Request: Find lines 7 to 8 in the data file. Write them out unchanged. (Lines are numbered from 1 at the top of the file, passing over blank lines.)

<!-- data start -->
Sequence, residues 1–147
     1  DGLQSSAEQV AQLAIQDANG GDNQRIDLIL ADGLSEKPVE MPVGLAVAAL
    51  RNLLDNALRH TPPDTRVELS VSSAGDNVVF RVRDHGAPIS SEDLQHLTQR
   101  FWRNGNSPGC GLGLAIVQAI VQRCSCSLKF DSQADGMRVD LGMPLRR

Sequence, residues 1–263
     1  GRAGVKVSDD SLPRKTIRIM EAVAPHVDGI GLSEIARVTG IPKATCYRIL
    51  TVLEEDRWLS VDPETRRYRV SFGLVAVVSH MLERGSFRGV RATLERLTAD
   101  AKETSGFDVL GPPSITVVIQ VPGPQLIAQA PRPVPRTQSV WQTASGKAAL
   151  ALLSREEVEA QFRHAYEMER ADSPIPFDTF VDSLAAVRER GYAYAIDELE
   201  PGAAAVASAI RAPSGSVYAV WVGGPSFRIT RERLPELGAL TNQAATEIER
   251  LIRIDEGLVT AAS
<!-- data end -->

    51  TVLEEDRWLS VDPETRRYRV SFGLVAVVSH MLERGSFRGV RATLERLTAD
   101  AKETSGFDVL GPPSITVVIQ VPGPQLIAQA PRPVPRTQSV WQTASGKAAL